Adjusting your business to the New Normal
A mentor once said, “It doesn’t matter if you fall, so long as you fall forward.” It sounds like pretty good advice as we stumble into 2021.
2020 was a tough one, no doubt about it. Bad businesses failed. Good businesses failed. Many of us struggled. Some of us were spared. There’s no way to overstate the economic and personal impact of 2020. Those who thrived were positioned optimally and delivered a product or service that was needed or even required.
Despite the challenges of 2020, we all learned some lessons that we can apply in 2021. These lessons aren’t new; instead, they were thrown into sharp relief to remind us all that the cyclical nature of business trends require that we are always balancing the pursuit of upside and mitigating the risk of downside.
Below is a list of some tactics and behaviors that will enable us to fall forward as we adjust to the ‘new normal’ (whatever that means).
Transition into 2021
If there is one word, just one, that encapsulates the most powerful reminder from 2020, it would be Adaptability. The ability to shift quickly and nimbly to alternative business models, channels, and delivery systems is the key to surviving in a dramatic downturn like the one we’ve experienced. That goes beyond a mindset. It’s an operating philosophy that promotes creativity, quick decision making, and rapid course corrections implementation. Across-the-board salary reductions can extend your ability to weather the storm and preserve your human capital. If you do have discretionary cash, there will be real talent available. Perhaps you can acquire a piece of machinery that your business needs at a fraction of the good-times cost. Step back and evaluate your post-downturn strategy and position your business to pop out of the downturn rather than crawl out.
There is a financial dimension to adaptability. Fixed costs are the enemy of adaptability. Every well-run company is continually assessing its expense structure. Fixed costs are hard to manage since human capital is an integral part of maintaining and growing a business. A simple rule of thumb – if a cost is not directly associated in some way with your company’s crown jewels…what makes you special…how you differentiate in a crowded market…your competitive advantage… then consider variable-izing that cost through contracted labor, outsourced production and employing a constellation of domain-specific service providers that you can turn on and turn off as the peaks and valleys of your business performance.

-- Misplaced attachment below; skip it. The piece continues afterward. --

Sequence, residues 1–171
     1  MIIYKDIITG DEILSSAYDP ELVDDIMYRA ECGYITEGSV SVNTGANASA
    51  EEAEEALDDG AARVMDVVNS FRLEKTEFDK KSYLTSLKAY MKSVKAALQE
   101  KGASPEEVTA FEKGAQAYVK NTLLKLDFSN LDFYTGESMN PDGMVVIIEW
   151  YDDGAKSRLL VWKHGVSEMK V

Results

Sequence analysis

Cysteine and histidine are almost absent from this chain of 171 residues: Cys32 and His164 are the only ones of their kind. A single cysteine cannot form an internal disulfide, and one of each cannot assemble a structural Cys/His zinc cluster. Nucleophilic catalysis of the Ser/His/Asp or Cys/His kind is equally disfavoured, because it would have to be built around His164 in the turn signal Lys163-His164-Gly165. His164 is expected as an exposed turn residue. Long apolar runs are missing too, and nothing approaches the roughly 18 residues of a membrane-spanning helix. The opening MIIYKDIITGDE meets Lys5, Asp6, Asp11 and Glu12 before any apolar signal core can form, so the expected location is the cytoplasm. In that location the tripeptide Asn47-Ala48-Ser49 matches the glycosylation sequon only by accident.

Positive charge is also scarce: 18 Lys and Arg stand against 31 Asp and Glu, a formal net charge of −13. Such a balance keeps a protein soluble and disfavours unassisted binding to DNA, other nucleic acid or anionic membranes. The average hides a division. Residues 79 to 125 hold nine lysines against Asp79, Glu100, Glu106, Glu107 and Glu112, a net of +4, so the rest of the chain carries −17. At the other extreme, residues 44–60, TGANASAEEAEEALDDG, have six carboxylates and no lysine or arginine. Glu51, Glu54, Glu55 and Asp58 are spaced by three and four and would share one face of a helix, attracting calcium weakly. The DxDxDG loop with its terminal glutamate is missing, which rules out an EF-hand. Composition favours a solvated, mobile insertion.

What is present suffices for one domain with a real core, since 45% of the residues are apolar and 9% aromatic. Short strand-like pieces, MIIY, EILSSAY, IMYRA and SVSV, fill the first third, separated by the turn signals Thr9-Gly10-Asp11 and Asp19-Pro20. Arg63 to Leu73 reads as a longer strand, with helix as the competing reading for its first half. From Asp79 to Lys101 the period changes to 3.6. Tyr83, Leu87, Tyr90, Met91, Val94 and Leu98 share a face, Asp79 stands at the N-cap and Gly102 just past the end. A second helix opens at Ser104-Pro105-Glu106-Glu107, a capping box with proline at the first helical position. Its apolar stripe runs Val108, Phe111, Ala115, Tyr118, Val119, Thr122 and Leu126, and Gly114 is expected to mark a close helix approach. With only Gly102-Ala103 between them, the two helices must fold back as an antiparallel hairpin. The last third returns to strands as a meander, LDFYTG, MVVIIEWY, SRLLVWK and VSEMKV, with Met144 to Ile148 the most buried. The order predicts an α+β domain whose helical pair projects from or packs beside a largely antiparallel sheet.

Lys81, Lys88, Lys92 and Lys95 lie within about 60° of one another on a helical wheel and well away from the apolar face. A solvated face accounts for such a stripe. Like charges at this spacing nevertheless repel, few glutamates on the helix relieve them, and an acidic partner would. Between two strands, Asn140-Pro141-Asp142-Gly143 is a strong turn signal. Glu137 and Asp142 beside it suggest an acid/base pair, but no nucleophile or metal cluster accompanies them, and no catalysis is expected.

Adaptability requires the Courage to face a significant challenge head-on. To borrow a quote from Frank Herbert (the author of Dune), “Fear is the mind-killer.” It’s human nature to hunker down and hope that you can win a war of attrition. This approach will leave your organization gasping for air as the trend begins to reverse. Having the courage to assess your options and make the really tough decisions clinically, and in turn, implement them effectively and humanely is what separates a leader from a great leader.
Cash, cash, cash. Plan and manage your Cash every day. Many wait until the tough times hit to dig into and understand their cash flow drivers. Managing money in good times prepares you to work your cash in tough times. If you can do just one thing at an operational level that will best prepare you for anything, focus on understanding the dynamics of your cash flow and the knobs that you can turn to respond to changes in your operating environment – and turn them as soon as you perceive that challenging times are coming. Communicating with your external stakeholders can buy you time. For example, contact your customers and offer them the option to make partial payments (yeah, on the phone). Frequently speak (yeah, on the phone) with your vendors. Keep them apprised of your ability pay, and be humble enough to ask for any help that they can provide.
Have you built an Organization that can persevere through tough times? A great team will respond if it sees you fighting day-in and day-out, sees that you were willing to sacrifice your financial wellbeing to retain them, and know that you are treating your external stakeholders with the same respect you expect. There’s been plenty of ‘stuff’ written about this, so there’s no need to regurgitate any of the -isms. But, if you haven’t cultivated a culture that can respond to challenges with resiliency, creativity, and a renewed commitment, well, good luck. You’re going to need it.
So here’s to a great 2021. The script isn’t going to flip magically, but the glimmer of light at the end of the tunnel isn’t an oncoming train. As we adapt and move forward into the next 6 to 12 to 18 months, let’s all apply what we have learned while grinding through this year to grow and prosper.